A Richmond Hill woman lost her home to a fiery blaze Tuesday. Her home was the second in the last two weeks to be declared a total loss due to a structure fire.
When city and county firefighters arrived at Charlene Mills’ double-wide trailer at 154 Clark St., near the fish hatchery, at 2:30 a.m. Tuesday, the home was already "too far gone" to be saved because it was fully engulfed in flames, according to RHFD Chief Vernon Rushing.
Richmond Hill resident Amanda Wathen was driving by the residence and called 911 from her cell phone upon witnessing flames emitting from a room in the home.
"I drove back by five minutes later and the entire place was covered in flames," Wathen said.
Mills was out of town at the time of the fire and no injuries were reported.
Rushing said the fire crew rummaged through the debris multiple times during the incident to make sure the home was vacant. Mills’ brother reportedly called her in Jenkins County from Richmond Hill later that morning to break the news to her.
Rushing said around 20 firefighters using two trucks extinguished the fire in about an hour.
The origin of the fire was the living/dining room in the center of the structure, Rushing said. Although no definite cause was reported, he suspects lightning may have caused the fire.
The following day, lightning struck a home at 66 Woodcock Drive in the Pierceville subdivision.
The house suffered minor damage, according to RHFD after lightning hit the dryer vent near the roof, causing smoke.
"The storms we received this past week did a lot to help our drought conditions, but brought with it the existing danger that presents itself when lightning strikes," said Bryan County Emergency Services Director Jim Anderson. "You take the good with the bad as there’s no controlling mother nature. All we can ask for is that our local firefighters are on their toes, and they proved that they are indeed up to the challenge by containing it as much as was possible."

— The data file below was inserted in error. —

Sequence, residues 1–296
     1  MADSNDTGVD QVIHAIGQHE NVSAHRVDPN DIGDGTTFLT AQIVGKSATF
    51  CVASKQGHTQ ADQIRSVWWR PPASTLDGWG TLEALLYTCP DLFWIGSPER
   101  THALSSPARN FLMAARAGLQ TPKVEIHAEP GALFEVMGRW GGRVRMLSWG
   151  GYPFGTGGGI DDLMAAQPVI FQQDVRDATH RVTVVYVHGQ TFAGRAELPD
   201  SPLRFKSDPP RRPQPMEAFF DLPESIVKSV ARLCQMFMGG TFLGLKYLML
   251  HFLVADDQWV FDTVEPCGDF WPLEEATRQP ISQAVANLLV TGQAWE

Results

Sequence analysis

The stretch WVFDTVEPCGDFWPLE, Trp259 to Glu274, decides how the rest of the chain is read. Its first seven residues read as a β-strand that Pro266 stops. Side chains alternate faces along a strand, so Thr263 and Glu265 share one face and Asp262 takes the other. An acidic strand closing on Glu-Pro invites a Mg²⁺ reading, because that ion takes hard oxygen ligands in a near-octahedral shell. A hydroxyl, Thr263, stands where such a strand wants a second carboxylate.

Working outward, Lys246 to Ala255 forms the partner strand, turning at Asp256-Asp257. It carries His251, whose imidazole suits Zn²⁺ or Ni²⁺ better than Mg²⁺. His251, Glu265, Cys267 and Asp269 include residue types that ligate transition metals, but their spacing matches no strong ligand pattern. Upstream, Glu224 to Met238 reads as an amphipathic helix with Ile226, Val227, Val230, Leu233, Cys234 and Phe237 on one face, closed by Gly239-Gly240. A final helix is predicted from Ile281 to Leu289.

On July 22, another mobile home was completely destroyed by fire.The residence at 150 Dixie Road, the now-former home of John Hunter, was destroyed by flames that reportedly started in the laundry room. Bryan County Assistant Fire Chief Otis Willis said that a cause could not clearly be established was so heavily damaged."
Willis said 18 city and county firefighters used one truck to contain the fire within 20 minutes.
He said the decision was made to fight the fire from the exterior of the home because "nothing could be gained from fighting it from the inside as we could clearly tell the home was a total loss" and to avoid it from spreading to the surrounding area.
No injuries were reported as no one was home during the blaze.
Hunter, who lived at the residence with his fiancée and two children, said he and his family were attending Revelation Redeem Resurrection Church at around 11:30 a.m. when a neighbor came running up to him to tell him about the fire.
Hunter said they quickly returned home to find the place in flames.
Hunter said his family is currently homeless as insurance did not cover the damages.
He said he has been sleeping in his car for the most part while his children and fiancée have been staying with relatives.
Hunter and his fiancée, Geneva Moore, were slated to be married the same week of the fire, but their wedding plans had to be postponed following the loss of their home.
Hunter said the Red Cross put them up in a hotel for a couple nights and helped with some clothes and food, but they are in dire financial shape due to the incident.
Donations can be made to a relief fund to help the Hunters. The fund has been set up at Heritage Bank inside the Richmond Hill Kroger.